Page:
1In proceeding with his quotation of Blake, V says that that he will continue his “Mental Fight” (the idea his character represents) until England becomes “Jerusalem,” which was often used as a metaphor for Heaven (V’s ideal anarchistic society in this context). By quoting this portion of Blake’s poem, Moore represents V as an irrational being who is willing to break down the government totalitarian government through mass destruction of the state at large, thus emphasizing the atrocities that he commits throughout the story. Possibly the most frightening part of this characterization are V’s psychotic inclinations. He manages to be charming and intelligent all the while committing numerous homicides. Even more disconcerting is the “end” which his “means” serve: V does not seek to replace the totalitarian government of the present with a democratic government for the future, but rather seeks to free the people of the current government by promoting anarchy. Upon considering this, the reader realizes that V is bringing down a rigid state structure not to create stability and peace, but merely to promote disorder and chaos. While V seems to believe that an anarchistic government will promote more freedom than the existing government, the reader begins to see his character as potentially disturbed and/or insane both because of the atrocities that he commits and the end to which these atrocities assist.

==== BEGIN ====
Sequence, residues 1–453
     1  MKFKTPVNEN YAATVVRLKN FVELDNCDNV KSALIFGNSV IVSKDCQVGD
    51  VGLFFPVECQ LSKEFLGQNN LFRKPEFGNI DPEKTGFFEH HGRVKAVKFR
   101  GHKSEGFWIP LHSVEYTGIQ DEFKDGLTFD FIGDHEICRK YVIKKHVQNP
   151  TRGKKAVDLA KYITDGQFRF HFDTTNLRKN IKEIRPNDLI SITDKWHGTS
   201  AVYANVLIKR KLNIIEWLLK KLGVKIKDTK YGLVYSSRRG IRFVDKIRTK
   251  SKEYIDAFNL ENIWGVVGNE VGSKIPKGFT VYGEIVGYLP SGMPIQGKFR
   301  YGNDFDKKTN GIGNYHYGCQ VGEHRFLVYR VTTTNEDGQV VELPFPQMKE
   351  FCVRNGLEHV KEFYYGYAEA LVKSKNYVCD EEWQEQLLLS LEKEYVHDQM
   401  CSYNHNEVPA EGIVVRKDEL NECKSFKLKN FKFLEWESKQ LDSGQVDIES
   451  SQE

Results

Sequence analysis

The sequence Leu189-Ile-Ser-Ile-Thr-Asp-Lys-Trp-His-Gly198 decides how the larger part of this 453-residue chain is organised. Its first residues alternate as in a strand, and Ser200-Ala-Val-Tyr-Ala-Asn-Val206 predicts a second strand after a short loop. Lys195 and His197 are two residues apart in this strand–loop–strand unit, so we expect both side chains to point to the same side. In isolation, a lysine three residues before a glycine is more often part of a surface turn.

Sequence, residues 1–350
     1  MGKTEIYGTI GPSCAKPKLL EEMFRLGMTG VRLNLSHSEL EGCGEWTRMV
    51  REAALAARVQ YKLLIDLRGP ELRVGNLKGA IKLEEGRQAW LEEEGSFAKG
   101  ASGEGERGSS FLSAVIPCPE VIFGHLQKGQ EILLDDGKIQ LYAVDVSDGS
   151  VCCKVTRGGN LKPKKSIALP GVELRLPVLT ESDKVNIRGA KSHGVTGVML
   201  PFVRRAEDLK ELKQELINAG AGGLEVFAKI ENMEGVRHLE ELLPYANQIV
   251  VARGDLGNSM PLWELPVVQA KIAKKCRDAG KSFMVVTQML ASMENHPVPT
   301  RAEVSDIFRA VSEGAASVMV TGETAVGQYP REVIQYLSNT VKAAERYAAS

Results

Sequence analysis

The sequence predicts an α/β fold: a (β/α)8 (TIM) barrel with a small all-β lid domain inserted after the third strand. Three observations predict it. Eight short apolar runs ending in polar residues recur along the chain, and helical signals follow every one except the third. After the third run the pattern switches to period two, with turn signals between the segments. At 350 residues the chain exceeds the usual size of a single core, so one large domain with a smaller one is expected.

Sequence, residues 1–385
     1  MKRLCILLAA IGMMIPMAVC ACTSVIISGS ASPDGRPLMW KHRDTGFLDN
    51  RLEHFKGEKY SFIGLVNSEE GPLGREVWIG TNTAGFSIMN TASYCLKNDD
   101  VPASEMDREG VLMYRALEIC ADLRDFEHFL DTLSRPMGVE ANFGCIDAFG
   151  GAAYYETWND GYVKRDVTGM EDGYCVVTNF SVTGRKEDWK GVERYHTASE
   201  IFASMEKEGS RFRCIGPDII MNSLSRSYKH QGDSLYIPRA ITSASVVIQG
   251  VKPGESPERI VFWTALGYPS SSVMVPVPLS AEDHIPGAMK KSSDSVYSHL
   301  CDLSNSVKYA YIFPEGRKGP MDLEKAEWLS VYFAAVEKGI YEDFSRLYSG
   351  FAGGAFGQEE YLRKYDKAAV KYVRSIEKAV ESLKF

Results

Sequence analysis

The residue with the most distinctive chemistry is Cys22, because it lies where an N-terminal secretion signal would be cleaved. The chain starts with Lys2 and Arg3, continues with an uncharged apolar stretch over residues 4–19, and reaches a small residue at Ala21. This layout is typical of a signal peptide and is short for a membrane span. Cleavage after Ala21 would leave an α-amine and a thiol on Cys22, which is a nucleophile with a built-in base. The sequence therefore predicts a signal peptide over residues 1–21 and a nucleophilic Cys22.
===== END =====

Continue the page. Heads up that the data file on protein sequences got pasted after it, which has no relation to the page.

By using Blake’s words to create such a duality in V’s character, Moore simultaneously reconstructs and adds to Blake’s own persona in popular culture. V and Blake become foils for one another as revolutionaries (and, consequently, psychopaths) through Moore’s reference to Blake in V for Vendetta. Blake used the preface quoted by V to accomplish a similar task in expressing discontent with the British state. Although not often overtly radical in nature, Blake’s references indicate a desire to bring back a certain ethereal element to England that almost parallels V’s desire to return the state to a more liberal form of government. Hence, Moore refigures Blake in a way that presents the poet as a revolutionary. While the intent of Blake’s short poem does not imply psychopathy, Moore’s use of Blake to characterize V represents Blake’s character in a similar way. The revolutionary undertones thus resonate with connotations of V’s psychopathy.
In terms of why Moore has chosen to refigure Blake, one might see this characterization as a fresh look at Blake. Oftentimes represented as a poetic seer and artist, this representation implies a darker Blake who nestles his rebellious ideas through beautifully articulated text. This newly unearthed “madman” Blake implies that his pieces, while not overtly rebellious, carry more sociopolitical commentary than one might expect. By examining Blake’s own Shadow Gallery, readers may now find new points of previously unexplored psychopathology.
* For the full text (with works cited) please see V for Viral: William Blake the Psychopath & Revolutionary.